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State of the Debate
George Pyle
George Pyle has been a newspaper writer in Kansas, Utah, Upstate New York, and now Utah again, for more than 30 years - most of it as an editorial writer and columnist. Now on his second tour of duty on The Salt Lake Tribune Editorial Board, he has also done a stretch as a talk radio host, published a book on the ongoing flaws of U.S.agricultural policy and, in 1998, was a finalist for the Pulitzer Prize for Editorial Writing. His most active bookmarks are Andrew Sullivan, Christopher Hitchens and Tina Brown. And he still thinks the Internet can be used for intelligent conversation and uplifting ideas.

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Republican presidential candidate, former Massachusetts Gov. Mitt Romney gestures during a campaign event at Horizontal Wireline Services on Tuesday, July 17, 2012 in Irwin, Pa. (AP Photo/Evan Vucci)
Editorials/commentary: What's in Mitt's taxes?

- Romney’s returns: Candidate should release documents - Salt Lake Tribune Editorial

Mitt Romney has captured the Republican presidential nomination in all but name, and is running strong in the polls in his quest to become the next president of the United States. He has done so, largely, on his promise and his promises of doing a better job of managing the American economy than has the incumbent.

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Thus his refusal to release more than one or two years of his tax returns, along with the continuing confusion of when he really gave up control of the Bain Capital investment firm, strikes even many Republicans as troubling. In recent days, such conservative stalwarts as columnist George Will and the editors of The National Review have been among those tearing their hair over the What-does-he-have-to-hide? message that was being sent by Romney’s stonewalling. ...

... Romney has resisted the call to release more of his returns because he doesn’t want to serve up details for the Obama campaign to distort. But, without those details, speculation runs amok. And the speculation now is focusing on the theory that Romney’s returns from before 2010 might show an even more aggressive pattern of tax sheltering and off-shoring of assets that, even if totally legal, might not be the picture any candidate would want to draw of himself in a nation still pulling itself out from a major recession.

Meanwhile, Romney’s claim that he gave up management of Bain Capital in 1999 when he came to Utah to manage the Winter Olympics, while corporate documents show him as CEO and sole stockholder of that company through at least 2001, only feeds an image of Romney as someone who bends the rules, and reality, to suit his needs.

The release of a presidential candidate’s tax returns is a general gesture toward transparency. And, in this case, it could specifically help untangle the Bain mess. Romney’s returns should be released. For his benefit, and for the voters’.

- Romney’s personal finances matter - Paul Krugman, New York Times/Salt Lake Tribune

... this election really is — in substantive, policy terms — about the rich versus the rest. ...

- Mitt Romney's failing defensive strategy - Denver Post Editorial

The GOP candidate should release his complete tax records. By not doing so, he's raising questions about what he may be hiding.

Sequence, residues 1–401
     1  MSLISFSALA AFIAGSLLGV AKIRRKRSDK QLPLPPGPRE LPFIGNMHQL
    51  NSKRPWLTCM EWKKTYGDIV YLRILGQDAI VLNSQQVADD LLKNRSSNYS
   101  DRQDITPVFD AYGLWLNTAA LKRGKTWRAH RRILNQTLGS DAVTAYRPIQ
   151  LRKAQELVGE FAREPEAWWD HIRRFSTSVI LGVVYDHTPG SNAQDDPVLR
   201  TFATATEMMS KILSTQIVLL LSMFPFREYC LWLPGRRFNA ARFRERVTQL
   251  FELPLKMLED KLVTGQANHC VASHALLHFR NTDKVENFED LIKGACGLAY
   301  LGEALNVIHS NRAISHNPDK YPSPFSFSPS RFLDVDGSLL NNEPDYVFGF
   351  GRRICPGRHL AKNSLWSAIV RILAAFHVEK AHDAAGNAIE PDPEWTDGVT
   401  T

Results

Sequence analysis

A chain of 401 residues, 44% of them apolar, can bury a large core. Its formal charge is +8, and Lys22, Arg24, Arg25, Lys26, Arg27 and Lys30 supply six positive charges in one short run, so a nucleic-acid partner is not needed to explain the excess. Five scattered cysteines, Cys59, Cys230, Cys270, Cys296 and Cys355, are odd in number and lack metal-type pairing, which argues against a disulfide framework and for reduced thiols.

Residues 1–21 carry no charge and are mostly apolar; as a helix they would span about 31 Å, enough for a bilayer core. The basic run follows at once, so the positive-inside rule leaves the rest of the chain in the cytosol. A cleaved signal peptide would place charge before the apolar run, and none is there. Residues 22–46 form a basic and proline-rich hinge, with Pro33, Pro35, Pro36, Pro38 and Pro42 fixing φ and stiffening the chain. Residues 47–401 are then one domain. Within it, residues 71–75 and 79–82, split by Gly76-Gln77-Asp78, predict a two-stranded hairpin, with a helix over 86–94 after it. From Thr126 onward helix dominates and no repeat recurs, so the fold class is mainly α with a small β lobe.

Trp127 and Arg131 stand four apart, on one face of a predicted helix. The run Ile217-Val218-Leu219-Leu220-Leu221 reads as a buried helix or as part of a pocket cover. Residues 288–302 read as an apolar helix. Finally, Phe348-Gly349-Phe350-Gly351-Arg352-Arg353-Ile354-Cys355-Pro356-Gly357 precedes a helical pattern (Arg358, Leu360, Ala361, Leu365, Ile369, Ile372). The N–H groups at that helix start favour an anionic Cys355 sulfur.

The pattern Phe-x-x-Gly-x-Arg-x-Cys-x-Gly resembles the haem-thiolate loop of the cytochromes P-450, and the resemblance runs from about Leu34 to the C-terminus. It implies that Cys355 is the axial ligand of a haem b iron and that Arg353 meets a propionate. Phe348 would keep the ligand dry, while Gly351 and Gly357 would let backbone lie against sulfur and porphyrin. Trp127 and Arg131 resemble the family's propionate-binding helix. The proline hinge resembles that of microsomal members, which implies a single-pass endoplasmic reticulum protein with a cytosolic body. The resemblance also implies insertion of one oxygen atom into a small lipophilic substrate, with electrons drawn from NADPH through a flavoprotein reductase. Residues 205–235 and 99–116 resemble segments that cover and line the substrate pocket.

- Release the returns - National Review Online Editorial

... It is to President Obama’s advantage to fight the election out over tactics and minutiae. By drawing out the argument over the returns, Romney is playing into the president’s hands. He should release them, respond to any attacks they bring, and move on.

- Refusing to release tax returns, Romney takes a big loss - David Sarasohn, The Oregonian

Mitt Romney will, of course, have to reveal his tax returns eventually. The only question is how bad he can make his situation before he finally does. From the evidence so far, pretty bad. ...

- What's Romney Hiding in His Tax Returns? - Joshua Green, Bloomberg Businessweek

... When the stock market collapsed in 2008, the wealthiest investors fared worse than everyone else. ...

... As a member of the ultra-rich, Romney probably wasn’t spared major losses. And it’s possible he suffered a large enough capital loss that, carried forward and coupled with his various offshore tax havens, he wound up paying no U.S. federal taxes at all in 2009. If true, this would be politically deadly for him. ...

- Did Mitt Romney pay any federal taxes at all in 2009? - Ezra Klein, The Washington Post

... For what it’s worth — and, since I haven’t see Romney’s 2009 tax return, it’s not worth much — my guess is he paid some federal taxes in 2009. The sort of tax sheltering he would have needed to get to zero would be quasi-suicidal for a presidential aspirant. But his effective federal tax rate may only have been 3 or 4 or 5 percent, which would be nearly as bad as zero. Add in a couple of shelters that Romney fears would look particularly bad, and it’s probably enough to persuade him that enduring a bit of bad press for tax decisions people think he might have made is preferable to a media feeding frenzy over tax decisions he definitely made. ...

- Obama and Romney share the blame for keeping the campaign stuck on silly - Newark (N.J.) Star-Ledger Editorial

The presidential campaign seems to be spinning down a rat hole, with President Obama playing a distracting game of gotcha and Mitt Romney refusing to come clean on his personal wealth. If you wanted an adult conversation, you can give them both some of the blame. ...

- Senator Lindsey Graham Says Avoiding Taxes Like Mitt Romney Is ‘Really American’ - Dan Amira, New York Magazine

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